Copyright ©2008 NPR. For personal, noncommercial use only. See Terms of Use. For other uses, prior permission required.

PETER HANCOCK (Kansas Public Radio): I'm Peter Hancock and here just outside of Emporia, Kansas, people in the cattle business think very differently about the ethanol boom and the record-high grain prices that go along with it.

Richard Porter owns this feed lot, which runs about 8,000 head of cattle at any given time. After he buys young cattle from stockmen, he weighs and vaccinates before herding them into pens where they're fattened out on a high-protein diet made up mainly of corn.

Porter says that for the time being the high price of corn is taking a bite right out of his bottom line.

Mr. RICHARD PORTER (Owner of Feed Lot): It's a very negative impact on the cattle currently on the ranch because the cost of grain went up to significantly higher levels than what was anticipated when the cattle were purchased.

HANCOCK: Just in the last six months, corn prices have gone from about three-and-a-half dollars to more than five dollars a bushel. It takes about 40 bushels to fatten out a cow so that means feed costs have gone from about $140 to more than $200 per head. Multiply that by tens of thousands of cattle per year and you get the picture.

But Porter says he won't continue taking the hit if, as most people expect, corn prices stay as high as they are. Instead he'll adjust his costs by paying less for feeder cattle.

Mr. PORTER: Going forward it should not have any real impact on me because the price of the calf that I get in, the marketplace will back that up, commensurate with the increased costs that people like me that grow and finish cattle will have. And so the increased grain costs are going to negatively impact the cow calf producers.

HANCOCK: And cattle producers aren't the only ones feeling the pinch from high grain prices. Just a few miles up the road from Porter's feed lot, Melvin Stanford has been raising hogs for more than 70 years and hogs are raised almost exclusively on corn feed.

Mr. MELVIN STANFORD (Hog farmer): Well, I think the ethanol industry definitely has had a big effect on it and then our exports have been large too. Our exports of corn grain, particularly to China. But we feel like the ethanol industries had the greatest effect.

HANCOCK: According to beef industry experts, cattle production is already starting to fall, especially here in central Kansas, where in January, Tyson Foods announced plans to shut down its Emporia slaughterhouse, eliminating 1,500 relatively high-paying jobs. The main reason cited: a declining supply of cattle, which is due in part to the rising cost of corn.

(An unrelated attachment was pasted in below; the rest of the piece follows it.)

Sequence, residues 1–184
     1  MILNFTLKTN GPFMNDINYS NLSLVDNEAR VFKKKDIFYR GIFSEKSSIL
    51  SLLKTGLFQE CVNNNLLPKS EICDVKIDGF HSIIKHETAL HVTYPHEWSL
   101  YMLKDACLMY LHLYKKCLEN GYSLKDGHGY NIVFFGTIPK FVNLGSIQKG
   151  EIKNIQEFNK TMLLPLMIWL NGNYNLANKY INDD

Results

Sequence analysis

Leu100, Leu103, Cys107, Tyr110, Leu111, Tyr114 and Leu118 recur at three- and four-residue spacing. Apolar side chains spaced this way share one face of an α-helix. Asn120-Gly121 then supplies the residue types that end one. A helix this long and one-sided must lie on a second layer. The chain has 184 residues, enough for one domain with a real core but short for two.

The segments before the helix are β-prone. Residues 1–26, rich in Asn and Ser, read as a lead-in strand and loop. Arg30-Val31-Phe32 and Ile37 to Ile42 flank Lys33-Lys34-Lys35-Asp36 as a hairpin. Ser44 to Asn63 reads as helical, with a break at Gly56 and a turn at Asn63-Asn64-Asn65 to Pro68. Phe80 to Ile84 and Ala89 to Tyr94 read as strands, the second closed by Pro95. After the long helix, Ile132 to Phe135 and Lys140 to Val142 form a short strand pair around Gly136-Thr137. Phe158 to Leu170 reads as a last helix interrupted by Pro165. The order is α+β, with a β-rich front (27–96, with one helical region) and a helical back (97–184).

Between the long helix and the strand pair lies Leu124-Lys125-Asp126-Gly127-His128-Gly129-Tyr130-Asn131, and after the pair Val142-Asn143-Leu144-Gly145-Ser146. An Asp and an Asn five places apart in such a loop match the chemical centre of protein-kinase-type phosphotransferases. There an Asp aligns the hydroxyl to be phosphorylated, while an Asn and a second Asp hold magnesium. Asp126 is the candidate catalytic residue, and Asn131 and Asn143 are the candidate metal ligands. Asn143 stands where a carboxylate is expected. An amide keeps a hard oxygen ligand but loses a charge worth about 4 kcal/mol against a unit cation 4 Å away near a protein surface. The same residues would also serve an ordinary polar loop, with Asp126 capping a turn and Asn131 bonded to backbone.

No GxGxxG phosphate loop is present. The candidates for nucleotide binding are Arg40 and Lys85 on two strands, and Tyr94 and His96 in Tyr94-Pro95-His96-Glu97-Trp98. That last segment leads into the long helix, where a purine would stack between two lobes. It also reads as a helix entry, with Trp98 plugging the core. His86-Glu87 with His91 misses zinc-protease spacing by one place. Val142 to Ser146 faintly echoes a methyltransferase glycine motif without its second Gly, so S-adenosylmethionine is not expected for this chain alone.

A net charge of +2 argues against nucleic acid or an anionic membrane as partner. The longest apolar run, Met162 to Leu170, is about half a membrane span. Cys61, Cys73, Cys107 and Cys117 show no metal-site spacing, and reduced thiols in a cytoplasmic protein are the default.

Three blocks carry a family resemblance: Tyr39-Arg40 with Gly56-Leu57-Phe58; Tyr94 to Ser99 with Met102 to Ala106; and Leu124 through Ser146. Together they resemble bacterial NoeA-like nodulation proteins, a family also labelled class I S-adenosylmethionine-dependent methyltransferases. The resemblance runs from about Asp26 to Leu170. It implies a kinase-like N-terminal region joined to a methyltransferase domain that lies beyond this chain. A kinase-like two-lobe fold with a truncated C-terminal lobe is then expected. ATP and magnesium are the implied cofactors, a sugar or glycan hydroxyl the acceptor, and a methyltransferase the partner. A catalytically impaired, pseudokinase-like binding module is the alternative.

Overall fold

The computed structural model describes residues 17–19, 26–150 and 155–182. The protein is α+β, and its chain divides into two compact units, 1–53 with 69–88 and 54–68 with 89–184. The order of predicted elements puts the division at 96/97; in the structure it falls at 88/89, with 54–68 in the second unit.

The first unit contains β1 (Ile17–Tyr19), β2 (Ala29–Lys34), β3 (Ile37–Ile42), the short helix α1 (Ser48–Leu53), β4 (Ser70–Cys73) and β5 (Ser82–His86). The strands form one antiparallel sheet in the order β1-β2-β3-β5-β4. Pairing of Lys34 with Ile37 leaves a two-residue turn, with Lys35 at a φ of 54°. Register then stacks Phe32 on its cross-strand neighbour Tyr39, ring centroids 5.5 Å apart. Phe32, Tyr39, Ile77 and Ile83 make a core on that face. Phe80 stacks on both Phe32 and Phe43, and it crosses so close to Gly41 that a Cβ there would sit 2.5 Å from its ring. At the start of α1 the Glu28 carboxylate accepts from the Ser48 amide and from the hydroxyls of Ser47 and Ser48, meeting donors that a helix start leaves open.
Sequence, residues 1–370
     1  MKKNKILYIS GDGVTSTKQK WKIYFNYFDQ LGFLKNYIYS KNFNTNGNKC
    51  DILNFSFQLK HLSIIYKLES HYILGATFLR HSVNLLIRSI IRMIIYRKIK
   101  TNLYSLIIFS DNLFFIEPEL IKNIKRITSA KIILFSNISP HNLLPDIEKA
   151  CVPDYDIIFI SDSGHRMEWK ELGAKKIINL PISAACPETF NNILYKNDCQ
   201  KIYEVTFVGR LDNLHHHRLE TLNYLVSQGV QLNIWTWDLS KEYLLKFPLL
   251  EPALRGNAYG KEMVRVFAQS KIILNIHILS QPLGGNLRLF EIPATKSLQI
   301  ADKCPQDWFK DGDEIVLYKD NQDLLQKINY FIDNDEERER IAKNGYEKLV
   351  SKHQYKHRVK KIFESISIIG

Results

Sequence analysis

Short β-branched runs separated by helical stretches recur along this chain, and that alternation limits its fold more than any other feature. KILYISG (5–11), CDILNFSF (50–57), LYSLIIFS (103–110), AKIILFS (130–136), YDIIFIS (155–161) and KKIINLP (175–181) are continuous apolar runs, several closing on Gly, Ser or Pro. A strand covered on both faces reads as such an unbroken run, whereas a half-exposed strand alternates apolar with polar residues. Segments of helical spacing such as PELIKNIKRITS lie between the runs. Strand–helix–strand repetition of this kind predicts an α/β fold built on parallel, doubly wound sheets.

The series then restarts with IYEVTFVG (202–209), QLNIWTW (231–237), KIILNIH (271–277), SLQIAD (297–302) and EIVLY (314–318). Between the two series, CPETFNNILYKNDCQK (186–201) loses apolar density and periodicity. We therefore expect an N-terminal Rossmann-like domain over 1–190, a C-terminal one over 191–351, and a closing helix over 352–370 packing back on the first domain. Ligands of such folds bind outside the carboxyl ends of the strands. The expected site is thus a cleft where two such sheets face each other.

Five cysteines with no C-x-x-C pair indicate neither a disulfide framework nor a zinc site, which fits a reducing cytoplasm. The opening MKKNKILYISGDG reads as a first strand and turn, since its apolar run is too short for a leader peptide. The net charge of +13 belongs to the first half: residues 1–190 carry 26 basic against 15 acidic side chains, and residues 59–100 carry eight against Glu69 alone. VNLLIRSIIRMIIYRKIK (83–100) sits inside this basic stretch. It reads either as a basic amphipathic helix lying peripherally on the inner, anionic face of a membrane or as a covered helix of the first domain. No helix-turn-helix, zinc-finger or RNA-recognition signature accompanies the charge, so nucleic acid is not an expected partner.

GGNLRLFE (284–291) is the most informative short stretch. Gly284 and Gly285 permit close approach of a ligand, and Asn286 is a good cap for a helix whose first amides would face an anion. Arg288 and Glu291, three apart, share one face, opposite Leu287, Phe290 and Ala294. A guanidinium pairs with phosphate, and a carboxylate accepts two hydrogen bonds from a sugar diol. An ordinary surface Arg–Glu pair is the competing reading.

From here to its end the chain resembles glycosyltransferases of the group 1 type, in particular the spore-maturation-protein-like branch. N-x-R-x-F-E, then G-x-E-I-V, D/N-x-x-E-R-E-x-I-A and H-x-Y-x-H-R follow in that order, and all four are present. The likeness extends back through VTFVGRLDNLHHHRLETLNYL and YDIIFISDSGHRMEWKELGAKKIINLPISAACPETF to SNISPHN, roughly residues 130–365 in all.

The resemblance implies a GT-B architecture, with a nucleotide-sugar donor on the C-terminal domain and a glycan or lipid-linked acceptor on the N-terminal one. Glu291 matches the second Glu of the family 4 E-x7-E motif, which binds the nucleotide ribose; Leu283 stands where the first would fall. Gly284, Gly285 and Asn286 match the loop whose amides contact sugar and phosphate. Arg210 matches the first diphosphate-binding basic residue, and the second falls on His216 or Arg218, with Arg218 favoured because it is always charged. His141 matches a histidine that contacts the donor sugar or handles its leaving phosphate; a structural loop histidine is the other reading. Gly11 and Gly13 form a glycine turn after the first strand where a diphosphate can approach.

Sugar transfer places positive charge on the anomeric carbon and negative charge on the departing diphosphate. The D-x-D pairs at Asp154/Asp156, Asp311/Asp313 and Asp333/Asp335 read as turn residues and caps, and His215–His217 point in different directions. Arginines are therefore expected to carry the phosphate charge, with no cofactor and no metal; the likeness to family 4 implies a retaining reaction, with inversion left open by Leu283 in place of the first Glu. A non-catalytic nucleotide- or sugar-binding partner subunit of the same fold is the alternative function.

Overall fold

That was a major blow to this town of just 26,000 people, and one that's already having a ripple effect on other businesses. Just ask local realtor Larry Eck.

Mr. LARRY ECK (Realtor): We have been in the last ten years, been in very much a seller's market with more demand than there is supply, and it seems like over the last 30 days we've just flipped that around.

HANCOCK: Kansas was slow getting in on the ethanol boom. To date, there are only seven ethanol plants in production here and this is one of the few states in the corn belt that doesn't mandate the sale of ethanol-blended gasoline. That also helps explain why dry distillers grain, a byproduct of ethanol production, isn't used much here as a form of livestock feed.

But while several communities are now actively trying to recruit ethanol plants, there are signs it may be too late for Kansas. Last week Cargill announced it was suspending plans to build a 100 million gallon-a-year ethanol plant in Topeka. Among the reasons cited: the skyrocketing price of corn.

For NPR News, I'm Peter Hancock.

(Soundbite of music)

MONTAGNE: It's MORNING EDITION from NPR News.

Copyright © 2008 NPR. All rights reserved. No quotes from the materials contained herein may be used in any media without attribution to NPR. This transcript is provided for personal, noncommercial use only, pursuant to our Terms of Use. Any other use requires NPR's prior permission. Visit our permissions page for further information.

NPR transcripts are created on a rush deadline by a contractor for NPR, and accuracy and availability may vary. This text may not be in its final form and may be updated or revised in the future. Please be aware that the authoritative record of NPR's programming is the audio.

Comments

 

Please keep your community civil. All comments must follow the NPR.org Community rules and terms of use, and will be moderated prior to posting. NPR reserves the right to use the comments we receive, in whole or in part, and to use the commenter's name and location, in any medium. See also the Terms of Use, Privacy Policy and Community FAQ.